The company announced its acquisition of SolarCity, one of the nation’s largest providers of solar electricity (also founded by Elon Musk), as well as launched the new Tesla Energy. Tesla Energy launched the Powerwall home battery intended to store electricity gained from solar panels to use at peak grid times and eventually take homes off the grid lines completely. Tesla has completely disrupted the auto industry and now they’re pushing into the housing industry.

Some have expressed concern for the future of the company for various reasons:

  • The new administration may not be as supportive of an environmentally friendly tech company that prides itself in automation in manufacturing,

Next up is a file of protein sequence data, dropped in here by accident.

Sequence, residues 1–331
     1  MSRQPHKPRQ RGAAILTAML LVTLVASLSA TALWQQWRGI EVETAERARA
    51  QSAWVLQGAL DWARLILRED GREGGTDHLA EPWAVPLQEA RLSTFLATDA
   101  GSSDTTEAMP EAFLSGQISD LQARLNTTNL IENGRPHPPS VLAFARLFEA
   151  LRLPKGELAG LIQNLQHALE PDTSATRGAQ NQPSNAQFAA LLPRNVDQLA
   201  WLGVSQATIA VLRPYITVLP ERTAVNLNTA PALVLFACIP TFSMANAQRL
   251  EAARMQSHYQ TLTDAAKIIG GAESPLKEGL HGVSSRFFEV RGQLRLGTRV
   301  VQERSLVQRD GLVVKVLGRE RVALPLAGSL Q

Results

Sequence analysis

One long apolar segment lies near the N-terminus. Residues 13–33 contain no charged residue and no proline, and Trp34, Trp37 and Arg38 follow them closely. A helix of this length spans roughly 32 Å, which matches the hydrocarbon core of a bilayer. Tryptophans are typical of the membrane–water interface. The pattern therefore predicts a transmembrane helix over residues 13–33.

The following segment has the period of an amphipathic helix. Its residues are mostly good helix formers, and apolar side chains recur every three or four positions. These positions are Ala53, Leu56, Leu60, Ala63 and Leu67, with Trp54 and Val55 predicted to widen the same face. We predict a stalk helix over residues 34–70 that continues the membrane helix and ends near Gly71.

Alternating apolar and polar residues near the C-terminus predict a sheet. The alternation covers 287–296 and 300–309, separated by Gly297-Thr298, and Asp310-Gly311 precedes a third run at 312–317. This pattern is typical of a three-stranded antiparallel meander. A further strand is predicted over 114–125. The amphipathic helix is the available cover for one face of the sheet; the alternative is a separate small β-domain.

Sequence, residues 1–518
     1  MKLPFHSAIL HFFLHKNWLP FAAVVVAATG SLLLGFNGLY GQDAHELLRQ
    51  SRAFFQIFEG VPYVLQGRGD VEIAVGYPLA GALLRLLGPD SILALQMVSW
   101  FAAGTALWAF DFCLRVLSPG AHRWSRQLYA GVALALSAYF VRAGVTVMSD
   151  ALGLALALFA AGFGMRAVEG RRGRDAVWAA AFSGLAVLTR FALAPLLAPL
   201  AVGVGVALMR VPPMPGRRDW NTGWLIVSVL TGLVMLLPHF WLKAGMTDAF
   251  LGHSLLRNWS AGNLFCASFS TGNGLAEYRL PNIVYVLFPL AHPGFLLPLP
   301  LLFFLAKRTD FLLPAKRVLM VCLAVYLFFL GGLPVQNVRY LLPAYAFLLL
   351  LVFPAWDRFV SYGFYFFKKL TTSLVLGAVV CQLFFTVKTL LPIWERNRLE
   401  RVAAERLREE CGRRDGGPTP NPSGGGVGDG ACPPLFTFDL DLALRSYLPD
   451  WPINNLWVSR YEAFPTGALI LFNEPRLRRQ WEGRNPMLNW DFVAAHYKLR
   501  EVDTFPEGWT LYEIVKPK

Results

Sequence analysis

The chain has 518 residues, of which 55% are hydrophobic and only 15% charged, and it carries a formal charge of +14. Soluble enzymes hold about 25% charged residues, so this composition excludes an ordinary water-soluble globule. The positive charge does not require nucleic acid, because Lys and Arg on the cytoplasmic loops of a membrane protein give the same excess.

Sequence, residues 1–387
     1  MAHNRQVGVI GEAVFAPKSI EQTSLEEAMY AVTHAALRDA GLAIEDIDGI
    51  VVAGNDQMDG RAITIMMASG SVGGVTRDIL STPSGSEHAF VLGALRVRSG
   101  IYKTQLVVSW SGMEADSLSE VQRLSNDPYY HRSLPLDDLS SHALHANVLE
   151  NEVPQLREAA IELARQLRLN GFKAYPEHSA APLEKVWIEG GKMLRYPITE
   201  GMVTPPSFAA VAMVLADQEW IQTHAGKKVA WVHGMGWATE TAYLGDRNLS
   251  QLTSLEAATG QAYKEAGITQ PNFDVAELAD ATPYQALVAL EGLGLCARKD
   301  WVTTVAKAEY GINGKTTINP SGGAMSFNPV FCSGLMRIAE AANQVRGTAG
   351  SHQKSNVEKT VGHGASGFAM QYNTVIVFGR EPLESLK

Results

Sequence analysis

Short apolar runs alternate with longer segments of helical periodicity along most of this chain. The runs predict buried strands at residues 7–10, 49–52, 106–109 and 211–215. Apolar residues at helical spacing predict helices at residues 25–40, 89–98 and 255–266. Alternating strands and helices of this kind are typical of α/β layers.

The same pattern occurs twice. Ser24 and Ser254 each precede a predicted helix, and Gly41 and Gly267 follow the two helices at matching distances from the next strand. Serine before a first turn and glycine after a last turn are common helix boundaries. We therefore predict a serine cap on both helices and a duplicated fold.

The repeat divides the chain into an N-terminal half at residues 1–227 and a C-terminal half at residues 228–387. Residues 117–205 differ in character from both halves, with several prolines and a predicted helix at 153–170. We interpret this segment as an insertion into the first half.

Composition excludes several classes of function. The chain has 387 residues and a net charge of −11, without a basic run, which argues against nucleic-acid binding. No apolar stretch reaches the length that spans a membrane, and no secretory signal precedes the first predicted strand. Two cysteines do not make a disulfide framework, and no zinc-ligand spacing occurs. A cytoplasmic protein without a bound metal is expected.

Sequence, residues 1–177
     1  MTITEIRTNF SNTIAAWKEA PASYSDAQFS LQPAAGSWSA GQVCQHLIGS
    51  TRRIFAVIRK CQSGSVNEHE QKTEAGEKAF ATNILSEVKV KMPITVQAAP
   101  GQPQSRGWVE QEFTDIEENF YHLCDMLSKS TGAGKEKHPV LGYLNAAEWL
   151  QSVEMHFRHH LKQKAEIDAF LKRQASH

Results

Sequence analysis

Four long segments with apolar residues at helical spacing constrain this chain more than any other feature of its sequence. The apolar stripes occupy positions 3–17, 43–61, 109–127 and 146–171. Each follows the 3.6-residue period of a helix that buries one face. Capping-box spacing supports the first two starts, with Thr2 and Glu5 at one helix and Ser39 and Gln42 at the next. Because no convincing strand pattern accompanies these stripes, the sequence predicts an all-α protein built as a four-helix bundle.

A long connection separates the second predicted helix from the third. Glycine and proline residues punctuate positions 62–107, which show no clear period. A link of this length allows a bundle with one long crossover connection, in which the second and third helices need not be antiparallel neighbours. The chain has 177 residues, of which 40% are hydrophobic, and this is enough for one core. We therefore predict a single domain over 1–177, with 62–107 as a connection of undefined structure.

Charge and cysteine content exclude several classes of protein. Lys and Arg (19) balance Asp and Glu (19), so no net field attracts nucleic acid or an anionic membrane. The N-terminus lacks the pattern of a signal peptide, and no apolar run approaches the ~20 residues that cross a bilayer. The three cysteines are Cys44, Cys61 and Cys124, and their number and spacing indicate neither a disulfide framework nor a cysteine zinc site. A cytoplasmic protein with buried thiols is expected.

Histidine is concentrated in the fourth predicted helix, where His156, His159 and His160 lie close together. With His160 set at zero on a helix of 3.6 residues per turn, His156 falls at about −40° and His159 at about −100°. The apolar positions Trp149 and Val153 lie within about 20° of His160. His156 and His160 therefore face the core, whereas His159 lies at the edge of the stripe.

• Other automakers joining the competitive landscape in electric vehicle innovation,
  • And, Musk’s risky business in taking on a multitude of high-cost ventures.

While Tesla may not be the ideal company for the new administration to support, their U.S. based manufacturing certainly is. Unlike other car makers, Tesla is already manufacturing primarily in the U.S. This means they won’t be pushed to give up low cost production and move manufacturing to the U.S.they are already producing herehowever, they will benefit from incentives offered to U.S. based manufacturers….which incentivizes what they are already doing.

Because of the merger with SolarCity, Tesla now employs 30,000 people; over 25,000 of those jobs are in the U.S. The company plans toadd over 3,000 manufacturing jobs at its factory in Fremont, California,1,000 at its solar panel factory in Buffalo, New York, andover 6,500 at the Gigafactory in Nevada.